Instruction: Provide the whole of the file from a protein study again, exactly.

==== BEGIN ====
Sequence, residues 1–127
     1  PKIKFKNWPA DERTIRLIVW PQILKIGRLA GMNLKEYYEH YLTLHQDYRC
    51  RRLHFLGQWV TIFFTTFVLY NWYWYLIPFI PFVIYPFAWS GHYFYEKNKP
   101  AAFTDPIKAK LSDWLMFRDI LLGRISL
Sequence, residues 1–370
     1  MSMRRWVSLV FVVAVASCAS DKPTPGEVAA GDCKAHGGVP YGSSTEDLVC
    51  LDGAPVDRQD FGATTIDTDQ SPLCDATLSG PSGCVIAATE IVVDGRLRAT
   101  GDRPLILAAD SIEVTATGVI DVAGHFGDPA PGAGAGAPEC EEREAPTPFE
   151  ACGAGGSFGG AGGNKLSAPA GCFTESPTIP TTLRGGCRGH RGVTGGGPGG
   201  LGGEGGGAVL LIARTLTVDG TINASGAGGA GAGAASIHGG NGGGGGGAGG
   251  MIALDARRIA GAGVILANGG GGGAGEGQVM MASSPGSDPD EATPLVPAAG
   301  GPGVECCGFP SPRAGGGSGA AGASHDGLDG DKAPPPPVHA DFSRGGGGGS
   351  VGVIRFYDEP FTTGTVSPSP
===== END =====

Sequence, residues 1–127
     1  PKIKFKNWPA DERTIRLIVW PQILKIGRLA GMNLKEYYEH YLTLHQDYRC
    51  RRLHFLGQWV TIFFTTFVLY NWYWYLIPFI PFVIYPFAWS GHYFYEKNKP
   101  AAFTDPIKAK LSDWLMFRDI LLGRISL
Sequence, residues 1–370
     1  MSMRRWVSLV FVVAVASCAS DKPTPGEVAA GDCKAHGGVP YGSSTEDLVC
    51  LDGAPVDRQD FGATTIDTDQ SPLCDATLSG PSGCVIAATE IVVDGRLRAT
   101  GDRPLILAAD SIEVTATGVI DVAGHFGDPA PGAGAGAPEC EEREAPTPFE
   151  ACGAGGSFGG AGGNKLSAPA GCFTESPTIP TTLRGGCRGH RGVTGGGPGG
   201  LGGEGGGAVL LIARTLTVDG TINASGAGGA GAGAASIHGG NGGGGGGAGG
   251  MIALDARRIA GAGVILANGG GGGAGEGQVM MASSPGSDPD EATPLVPAAG
   301  GPGVECCGFP SPRAGGGSGA AGASHDGLDG DKAPPPPVHA DFSRGGGGGS
   351  VGVIRFYDEP FTTGTVSPSP